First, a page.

However, select markets such as Europe may benefit from peaking rates and bottoming out of economic activity. Managers remain selective and explore value, and quality names in DM (US, Europe, Japan) and EM. Managers also see opportunities within fixed income to add protection.  Equity Markets can continue to benefit from a policy “sweet spot” in which a mixed growth picture and disinflation have allowed the liquidity backdrop to dominate.


Bitcoin was the standout performer in 2023 gaining an eye-watering +150%. The next halving event is scheduled to take place in April 2024 when the Bitcoin block reward decreases from 6.25 BTC to 3.125 BTC. If history is a guide, the price performance of Bitcoin post-halving tends to be the strongest part of the 4-year cycle. The crypto community is getting giddy again, perhaps rightly so.

Commodities struggled overall in 2023. Crude oil and natural gas prices fell double digits, while industrial metals and agricultural commodities also ended the year in the red. Precious metals were the exception with gold up +10% for the year. Rising interest rates proved a formidable headwind. Given the expectation for a weaker USD in 2024, we expect commodities to deliver much better returns this year.

While there is a positive outlook for cryptocurrencies, commodities, energy and precious metals in particular in 2024, there are a couple of sub-asset classes within the ‘alternatives’ sector where caution exists. Commercial real estate and private equity will continue to face strong headwinds this year. A cut in short-term interest rates may help a little but each market is facing its own set of longer-term structural problems.

Sector in Focus

As it’s January, we tend to be flooded with predictions for the year ahead. In keeping with our tradition, we wanted to take a look back at our own set of predictions that we made in January 2023.

It’s hard to imagine that 12 months have elapsed since we penned our top predictions for 2023. To remind ourselves, in our January ’23 Newsletter we outlined the following Business & Sporting ‘predictions’ for the year ahead. So how did we do?

  1. Global Equity Markets to post a strong recovery in 2023. The first few months to reflect economic uncertainty with volatile returns. The MSCI World Index (a widely followed global stock market index that tracks the performance of large and mid-cap companies across 23 developed countries) returned 20.20% on the Calendar year. – Correct. It should be noted the Index returned 11.47% from the 27th October alone.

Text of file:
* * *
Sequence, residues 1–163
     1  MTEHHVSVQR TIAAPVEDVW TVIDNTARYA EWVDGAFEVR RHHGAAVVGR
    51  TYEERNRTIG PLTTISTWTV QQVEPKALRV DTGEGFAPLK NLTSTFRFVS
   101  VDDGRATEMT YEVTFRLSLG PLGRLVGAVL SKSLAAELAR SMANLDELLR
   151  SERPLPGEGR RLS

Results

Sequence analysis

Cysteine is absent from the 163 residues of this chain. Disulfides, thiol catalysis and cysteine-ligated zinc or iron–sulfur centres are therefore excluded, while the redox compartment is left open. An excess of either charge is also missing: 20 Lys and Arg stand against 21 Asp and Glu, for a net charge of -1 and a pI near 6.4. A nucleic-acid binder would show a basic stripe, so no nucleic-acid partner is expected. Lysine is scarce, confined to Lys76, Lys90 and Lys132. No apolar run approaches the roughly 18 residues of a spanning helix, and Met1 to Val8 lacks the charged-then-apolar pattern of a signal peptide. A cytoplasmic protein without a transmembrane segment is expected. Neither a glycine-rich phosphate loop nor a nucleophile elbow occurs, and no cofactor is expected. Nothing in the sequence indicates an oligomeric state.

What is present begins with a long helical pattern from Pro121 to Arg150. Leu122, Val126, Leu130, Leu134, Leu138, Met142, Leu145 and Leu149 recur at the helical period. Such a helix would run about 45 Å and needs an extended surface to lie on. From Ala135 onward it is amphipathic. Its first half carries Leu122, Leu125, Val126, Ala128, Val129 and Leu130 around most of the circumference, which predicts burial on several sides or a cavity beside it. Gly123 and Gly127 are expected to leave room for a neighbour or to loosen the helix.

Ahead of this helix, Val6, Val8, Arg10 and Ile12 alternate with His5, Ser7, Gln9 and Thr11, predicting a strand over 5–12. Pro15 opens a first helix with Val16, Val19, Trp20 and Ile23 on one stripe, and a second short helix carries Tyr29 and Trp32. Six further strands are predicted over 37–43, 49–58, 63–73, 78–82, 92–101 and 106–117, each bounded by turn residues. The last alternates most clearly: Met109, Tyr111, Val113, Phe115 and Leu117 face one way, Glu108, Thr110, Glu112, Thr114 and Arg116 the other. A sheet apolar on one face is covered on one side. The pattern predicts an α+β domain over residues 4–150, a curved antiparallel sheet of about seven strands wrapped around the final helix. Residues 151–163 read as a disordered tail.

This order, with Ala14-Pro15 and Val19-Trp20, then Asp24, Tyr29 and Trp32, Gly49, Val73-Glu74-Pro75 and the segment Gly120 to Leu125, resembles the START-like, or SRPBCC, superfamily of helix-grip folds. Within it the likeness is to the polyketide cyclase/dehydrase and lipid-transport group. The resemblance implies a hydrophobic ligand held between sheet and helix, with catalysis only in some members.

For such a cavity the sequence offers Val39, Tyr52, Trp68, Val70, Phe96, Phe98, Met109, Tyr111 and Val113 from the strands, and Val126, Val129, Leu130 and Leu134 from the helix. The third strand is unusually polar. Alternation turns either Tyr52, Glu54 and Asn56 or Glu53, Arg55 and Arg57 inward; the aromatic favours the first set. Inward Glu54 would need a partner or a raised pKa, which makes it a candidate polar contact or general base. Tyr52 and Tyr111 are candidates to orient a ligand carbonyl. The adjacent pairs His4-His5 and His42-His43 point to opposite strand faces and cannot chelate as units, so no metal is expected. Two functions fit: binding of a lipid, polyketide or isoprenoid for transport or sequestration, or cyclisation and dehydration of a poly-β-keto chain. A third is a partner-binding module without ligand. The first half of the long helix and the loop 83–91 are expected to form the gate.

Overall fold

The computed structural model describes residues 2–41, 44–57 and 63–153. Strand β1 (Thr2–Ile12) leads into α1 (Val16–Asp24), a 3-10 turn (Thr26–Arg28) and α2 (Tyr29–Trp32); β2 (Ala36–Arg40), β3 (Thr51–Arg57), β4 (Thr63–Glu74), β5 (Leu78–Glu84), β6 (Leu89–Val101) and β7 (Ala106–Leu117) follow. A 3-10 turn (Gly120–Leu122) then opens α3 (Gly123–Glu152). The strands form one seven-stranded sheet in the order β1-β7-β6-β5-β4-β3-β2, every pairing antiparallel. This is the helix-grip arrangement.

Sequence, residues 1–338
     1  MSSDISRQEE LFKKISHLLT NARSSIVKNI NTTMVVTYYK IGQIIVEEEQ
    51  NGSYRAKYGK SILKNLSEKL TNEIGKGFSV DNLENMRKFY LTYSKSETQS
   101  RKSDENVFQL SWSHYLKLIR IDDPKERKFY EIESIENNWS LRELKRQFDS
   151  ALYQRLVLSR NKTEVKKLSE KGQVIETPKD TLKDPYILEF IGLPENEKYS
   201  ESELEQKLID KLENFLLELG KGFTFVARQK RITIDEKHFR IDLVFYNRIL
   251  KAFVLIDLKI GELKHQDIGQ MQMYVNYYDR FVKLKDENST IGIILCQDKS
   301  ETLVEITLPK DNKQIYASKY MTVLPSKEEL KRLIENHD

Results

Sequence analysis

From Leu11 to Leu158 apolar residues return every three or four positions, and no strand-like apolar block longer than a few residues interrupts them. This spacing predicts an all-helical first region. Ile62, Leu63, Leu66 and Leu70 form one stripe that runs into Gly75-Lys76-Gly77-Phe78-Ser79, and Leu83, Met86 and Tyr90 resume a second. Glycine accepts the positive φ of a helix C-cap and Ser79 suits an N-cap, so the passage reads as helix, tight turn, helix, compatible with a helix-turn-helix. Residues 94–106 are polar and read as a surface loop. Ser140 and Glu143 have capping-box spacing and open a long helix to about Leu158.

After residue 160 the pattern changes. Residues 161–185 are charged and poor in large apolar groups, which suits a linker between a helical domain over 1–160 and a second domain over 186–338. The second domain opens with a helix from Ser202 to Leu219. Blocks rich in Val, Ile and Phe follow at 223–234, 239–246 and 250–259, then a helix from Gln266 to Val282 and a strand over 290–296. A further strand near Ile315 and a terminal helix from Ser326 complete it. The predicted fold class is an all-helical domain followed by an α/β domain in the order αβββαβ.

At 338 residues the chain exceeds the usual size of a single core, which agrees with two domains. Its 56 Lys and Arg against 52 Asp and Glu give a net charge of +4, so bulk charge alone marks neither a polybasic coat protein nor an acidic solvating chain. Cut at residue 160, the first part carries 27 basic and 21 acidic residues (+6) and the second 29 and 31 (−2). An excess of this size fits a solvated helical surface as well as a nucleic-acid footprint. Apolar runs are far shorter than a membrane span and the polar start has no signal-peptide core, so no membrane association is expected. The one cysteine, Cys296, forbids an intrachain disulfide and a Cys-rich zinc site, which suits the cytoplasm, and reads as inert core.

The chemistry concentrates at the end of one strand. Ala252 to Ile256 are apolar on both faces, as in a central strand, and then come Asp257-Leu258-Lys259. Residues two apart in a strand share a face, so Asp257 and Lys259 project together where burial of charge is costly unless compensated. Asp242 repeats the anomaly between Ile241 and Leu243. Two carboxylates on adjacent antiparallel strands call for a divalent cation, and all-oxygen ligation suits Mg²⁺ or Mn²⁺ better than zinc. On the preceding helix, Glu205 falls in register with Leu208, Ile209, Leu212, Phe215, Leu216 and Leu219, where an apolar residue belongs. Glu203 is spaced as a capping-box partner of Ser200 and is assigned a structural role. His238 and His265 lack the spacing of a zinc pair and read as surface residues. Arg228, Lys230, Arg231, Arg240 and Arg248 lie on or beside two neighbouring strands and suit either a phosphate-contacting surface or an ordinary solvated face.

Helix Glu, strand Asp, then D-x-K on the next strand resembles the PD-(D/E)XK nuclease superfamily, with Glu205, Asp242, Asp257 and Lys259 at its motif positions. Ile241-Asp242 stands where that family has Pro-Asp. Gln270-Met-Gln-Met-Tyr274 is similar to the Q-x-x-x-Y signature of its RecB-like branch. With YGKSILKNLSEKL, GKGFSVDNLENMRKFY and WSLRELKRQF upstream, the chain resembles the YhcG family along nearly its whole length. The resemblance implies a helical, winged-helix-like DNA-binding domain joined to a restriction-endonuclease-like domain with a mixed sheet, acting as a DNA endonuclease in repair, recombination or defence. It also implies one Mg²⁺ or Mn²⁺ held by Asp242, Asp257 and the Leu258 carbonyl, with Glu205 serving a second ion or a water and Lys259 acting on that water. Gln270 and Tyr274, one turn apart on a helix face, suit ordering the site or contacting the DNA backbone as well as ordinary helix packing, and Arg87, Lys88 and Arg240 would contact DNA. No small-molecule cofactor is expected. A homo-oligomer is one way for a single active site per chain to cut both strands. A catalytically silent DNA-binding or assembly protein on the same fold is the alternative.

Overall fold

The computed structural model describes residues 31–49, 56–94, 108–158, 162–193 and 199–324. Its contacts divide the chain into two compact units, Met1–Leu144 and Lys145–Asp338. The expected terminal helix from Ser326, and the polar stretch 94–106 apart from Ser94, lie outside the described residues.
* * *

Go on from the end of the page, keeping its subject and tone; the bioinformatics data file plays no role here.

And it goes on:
2. Ireland beat the All Blacks in the Rugby World Cup Quarter Final. Wrong. But sooo close.
  3. China reopening drives a bullish cycle in commodities, particularly energy. Wrong, but coming.
  4. Arsenal will not win the English Premiership Title in 2023 (Sadly, I don’t see Utd winning it either). Correct. Looking better this year, but still out of reach?
  5. Fixed Interest benefits from the disinflationary trend and an end to Central Bank monetary tightening. Correct, but a lot more to come.
  6. Gold to exceed $2,000 per ounce in 2023. Correct – Ended the year at $2,071.98.
  7. Rory McIlroy to win at least 1 Golf Major in 2023. Wrong. Will he ever get the Grand Slam of Golf?
  8. For those Techies amongst us, they will wonder how they existed without Chat GPT. Correct. Has become a main staple of many within the industry.

The above reflects a 5 out of 8 accuracy rate. Not bad. So let’s see how we do in 2024 with our top 8 predictions for the next 12 months.

It’s going to be an interesting year, in many respects. More than half the people on the planet live in countries that will hold nationwide elections in 2024, the first time this milestone has been reached. Based on recent patterns of voter turnout, close to 2 billion people in more than 70 countries will head to the polls. Ballots will be cast from Britain to Bangladesh, from India to Indonesia.

As a Manchester United Fan, I am tempted to say United will win the league too but that would test the most optimistic forecast for 2024. So, for better or worse, our top predictions are:

  1. Donald Trump does not become the next President of the United States.
  2. Viktor Hovland goes off as the favourite at the Masters.
  3. Thanks to fracking technology, the US oil output overtakes OPEC in 2024.
  4. Cillian Murphy wins the Best Actor Oscar in 2024.
  5. Netanyahu will be unseated as Israeli prime minister.
  6. Russia-Ukraine conflict is not resolved in 2024.
  7. England win Euro 2024.
  8. Ursula von der Leyen secures a second term as European Commission president.